A Pakistani journalist has slammed Bollywood actress Kangana Ranaut in an open letter, for Ranaut’s reaction to the
Pulwama attack that killed nearly 50 Indian army personnel.
Titled “To Kangana, with love from Pakistan”, the letter, published on a local media outlet, is going viral on social
media for its strong criticism on Kangana Ranaut’s use of language against Pakistan. In an interview to an Indian
entertainment website, the Bollywood star Kangana had said that “Pakistan ban is not the focus, Pakistan
The letter states that “The day Pulwama attack happened was highly inappropriate,” adding that the entire nation
condemns the attack, however, “what we don’t accept or agree to, is the vicious backlash India spurns on us, each
time a tragedy occurs”.
“At a time when Pakistan is focusing on improving its economic ties, what benefit would an adventure like this or
worse, a military attack on its neighbor gives? On the other hand, India is preparing to elect a new government, with
its existing one struggling to retain its vote bank. The odds and evens, political gains and losses are quite evident
here, for any layman to understand,” the letter said.
The journalist further questioned Kangana’s understanding of the current regional and international political and
diplomatic policies, as well as the position each country holds in the world.
“Perhaps, your understanding of boundaries and political growth still hangs in the times of Rani Lakshmibai of Jhansi,
for which no doubt, you must have conducted great research. Ms. Manikarnika aka Kangana Ranaut, the
independence movement which Rani of Jhansi shared with her contemporaries like Tipu Sultan, climaxed in 1947
with the creation of Pakistan and India. Pakistan is a reality and will remain, whether you like it or not.”
The journalist also pointed out in her letter the military strength of Pakistan, exclaiming that military action against
the country would not be a wise idea. “And when it comes to Pakistan, your knowledge of our military strength
seems lacking. The size of our military budget and forces may be smaller in comparison to yours, but do you know
that Pakistan’s army is the 17th strongest military in the world?”
Having said that, the journalist in the letter further lamented Ranaut’s attitudes towards her colleagues, “In your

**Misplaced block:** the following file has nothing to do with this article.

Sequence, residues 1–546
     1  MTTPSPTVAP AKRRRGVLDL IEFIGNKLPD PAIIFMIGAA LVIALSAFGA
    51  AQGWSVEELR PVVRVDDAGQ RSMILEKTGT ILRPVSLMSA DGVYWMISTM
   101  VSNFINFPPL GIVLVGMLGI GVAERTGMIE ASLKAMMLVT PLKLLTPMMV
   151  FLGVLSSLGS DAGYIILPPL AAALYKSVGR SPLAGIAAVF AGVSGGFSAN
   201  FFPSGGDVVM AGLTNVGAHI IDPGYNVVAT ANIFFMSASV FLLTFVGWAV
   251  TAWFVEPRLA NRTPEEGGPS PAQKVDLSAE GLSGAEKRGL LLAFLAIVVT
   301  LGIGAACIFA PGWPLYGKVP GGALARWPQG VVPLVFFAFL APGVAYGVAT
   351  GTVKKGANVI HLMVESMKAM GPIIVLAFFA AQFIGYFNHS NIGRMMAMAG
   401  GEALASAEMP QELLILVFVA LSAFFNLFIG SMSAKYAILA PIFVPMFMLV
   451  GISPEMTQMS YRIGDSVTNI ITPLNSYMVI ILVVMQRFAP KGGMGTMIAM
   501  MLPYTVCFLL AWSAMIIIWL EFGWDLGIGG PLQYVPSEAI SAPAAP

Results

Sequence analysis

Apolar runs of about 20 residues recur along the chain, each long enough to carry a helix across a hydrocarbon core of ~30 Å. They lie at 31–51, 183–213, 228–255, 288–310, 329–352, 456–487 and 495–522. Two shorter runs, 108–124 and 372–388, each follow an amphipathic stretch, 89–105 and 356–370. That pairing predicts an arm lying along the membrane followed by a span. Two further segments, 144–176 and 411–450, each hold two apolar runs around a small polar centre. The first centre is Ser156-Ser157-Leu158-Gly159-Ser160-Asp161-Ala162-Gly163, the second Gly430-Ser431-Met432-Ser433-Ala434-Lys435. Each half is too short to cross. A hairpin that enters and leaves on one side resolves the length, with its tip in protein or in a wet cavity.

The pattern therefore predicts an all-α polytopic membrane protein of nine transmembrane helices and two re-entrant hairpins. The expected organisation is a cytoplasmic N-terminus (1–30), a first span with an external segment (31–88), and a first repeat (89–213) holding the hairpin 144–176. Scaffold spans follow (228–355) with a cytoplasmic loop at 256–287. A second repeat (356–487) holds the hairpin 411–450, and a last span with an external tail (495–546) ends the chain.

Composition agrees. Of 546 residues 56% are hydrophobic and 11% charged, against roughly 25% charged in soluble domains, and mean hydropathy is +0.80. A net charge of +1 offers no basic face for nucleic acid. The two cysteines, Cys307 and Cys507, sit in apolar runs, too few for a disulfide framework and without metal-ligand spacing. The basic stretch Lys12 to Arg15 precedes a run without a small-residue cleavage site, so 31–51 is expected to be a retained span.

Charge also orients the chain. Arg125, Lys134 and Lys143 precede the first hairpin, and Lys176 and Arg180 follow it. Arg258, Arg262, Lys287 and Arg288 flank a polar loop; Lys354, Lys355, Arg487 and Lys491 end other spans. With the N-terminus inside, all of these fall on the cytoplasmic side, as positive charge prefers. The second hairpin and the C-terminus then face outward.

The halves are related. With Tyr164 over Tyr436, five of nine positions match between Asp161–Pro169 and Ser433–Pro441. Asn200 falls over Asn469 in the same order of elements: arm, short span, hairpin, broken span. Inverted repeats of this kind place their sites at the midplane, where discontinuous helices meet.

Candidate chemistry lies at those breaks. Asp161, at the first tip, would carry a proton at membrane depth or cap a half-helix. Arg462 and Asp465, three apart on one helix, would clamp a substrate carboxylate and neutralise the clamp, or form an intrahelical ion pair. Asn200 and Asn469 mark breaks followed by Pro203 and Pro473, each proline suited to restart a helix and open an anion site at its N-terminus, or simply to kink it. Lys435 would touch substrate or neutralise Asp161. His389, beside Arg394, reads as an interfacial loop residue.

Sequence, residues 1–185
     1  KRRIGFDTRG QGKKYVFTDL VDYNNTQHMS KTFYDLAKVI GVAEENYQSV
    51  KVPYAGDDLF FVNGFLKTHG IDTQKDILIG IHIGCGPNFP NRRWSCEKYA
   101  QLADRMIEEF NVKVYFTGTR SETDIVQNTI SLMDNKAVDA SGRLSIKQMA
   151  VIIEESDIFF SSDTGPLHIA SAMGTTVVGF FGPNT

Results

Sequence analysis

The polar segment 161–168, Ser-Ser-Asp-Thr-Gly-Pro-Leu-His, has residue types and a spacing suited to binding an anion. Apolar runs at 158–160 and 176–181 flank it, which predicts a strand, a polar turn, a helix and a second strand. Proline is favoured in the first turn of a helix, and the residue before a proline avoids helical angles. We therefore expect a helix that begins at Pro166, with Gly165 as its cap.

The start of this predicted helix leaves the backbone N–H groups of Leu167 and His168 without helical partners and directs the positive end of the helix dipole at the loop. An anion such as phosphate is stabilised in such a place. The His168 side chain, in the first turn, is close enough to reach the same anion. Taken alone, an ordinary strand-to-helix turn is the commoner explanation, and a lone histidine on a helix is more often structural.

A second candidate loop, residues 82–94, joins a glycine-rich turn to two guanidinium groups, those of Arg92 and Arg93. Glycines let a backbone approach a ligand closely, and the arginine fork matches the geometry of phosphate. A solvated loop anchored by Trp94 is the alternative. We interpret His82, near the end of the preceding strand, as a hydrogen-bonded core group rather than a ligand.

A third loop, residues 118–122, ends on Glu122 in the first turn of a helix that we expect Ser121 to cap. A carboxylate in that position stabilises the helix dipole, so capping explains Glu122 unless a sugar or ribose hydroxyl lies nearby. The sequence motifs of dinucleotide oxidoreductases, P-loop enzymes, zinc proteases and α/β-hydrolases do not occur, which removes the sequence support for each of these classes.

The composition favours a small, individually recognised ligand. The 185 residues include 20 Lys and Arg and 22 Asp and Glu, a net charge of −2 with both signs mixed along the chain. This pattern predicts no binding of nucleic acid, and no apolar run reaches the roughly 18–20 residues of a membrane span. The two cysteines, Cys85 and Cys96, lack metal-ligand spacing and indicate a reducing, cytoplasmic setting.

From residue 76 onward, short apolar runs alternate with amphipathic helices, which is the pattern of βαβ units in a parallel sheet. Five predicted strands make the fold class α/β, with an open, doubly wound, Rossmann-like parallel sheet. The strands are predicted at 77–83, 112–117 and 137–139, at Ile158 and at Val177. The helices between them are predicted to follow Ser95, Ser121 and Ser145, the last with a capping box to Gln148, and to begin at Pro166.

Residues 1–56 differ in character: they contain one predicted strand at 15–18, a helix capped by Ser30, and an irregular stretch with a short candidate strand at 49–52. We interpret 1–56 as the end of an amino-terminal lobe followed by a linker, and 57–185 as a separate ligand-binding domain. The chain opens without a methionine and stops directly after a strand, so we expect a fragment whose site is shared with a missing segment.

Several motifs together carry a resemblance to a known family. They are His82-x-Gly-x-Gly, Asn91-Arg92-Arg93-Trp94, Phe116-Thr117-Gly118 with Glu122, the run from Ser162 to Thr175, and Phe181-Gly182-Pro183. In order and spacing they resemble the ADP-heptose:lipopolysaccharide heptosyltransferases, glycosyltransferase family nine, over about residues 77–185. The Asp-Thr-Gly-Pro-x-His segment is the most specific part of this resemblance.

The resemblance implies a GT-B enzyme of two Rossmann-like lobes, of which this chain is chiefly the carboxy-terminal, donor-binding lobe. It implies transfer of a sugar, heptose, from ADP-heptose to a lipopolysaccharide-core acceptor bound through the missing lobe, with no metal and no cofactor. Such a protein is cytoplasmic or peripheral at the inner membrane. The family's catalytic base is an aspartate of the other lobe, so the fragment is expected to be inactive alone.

suffering, you struck a blow to your own native Indian, to your own fellow artiste from Bollywood, that also your
senior, Shabana Azmi. You blasted her decision to join a literary event in Karachi and questioned her patriotism.
“Why did they organize an event in Karachi in the first place?”, you had asked. Let me ask you: if this is how you feel
about Pakistan, how could you allow the screening of Manikarnika in our country? How could you bear that your
own production is allowed to run in cinemas of the country you hate? Perhaps, you don’t mind the business coming
in from Pakistan, although you are quick to condemn other cultural exchanges.”
The letter also pointed out that sufferings and the emotions of the Indians at this moment are “understandable” but
at the same time, Pakistan has suffered violence for a long time as well and at a “greater frequency”.
“Pakistan never imposed any ban on trade, health or cultural exchange, except screening of Indian content on
mainstream television and radio. In fact, I’m surprised at the civility shown by my otherwise equally emotional native
Pakistanis, who may have spewed anger and boycott at your movie after your venomous comments, but they
didn’t,” the letter said.
The letter ended with a piece of advice for Kangana to concentrate on her Bollywood career and the controversies
she is facing in the industry.
“Your emotions are charged, to say the least. But for now, my sincere advise to you would be to concentrate on your
spat with co-director Krish Jagalamudi for Manikarnika’s directorial credit. The controversy you have stirred with
Shabana Azmi, criticism by Mishti Chakravarty who is not happy with her role chopped off in your film, your
heartless comments on Alia Bhatt, to say the least. Your hands are full, Kangana. Improving ties with peers may
improve the prospect of your career. Broken ties between nations will heal with time, provided a concerned
leadership,” the letter concluded.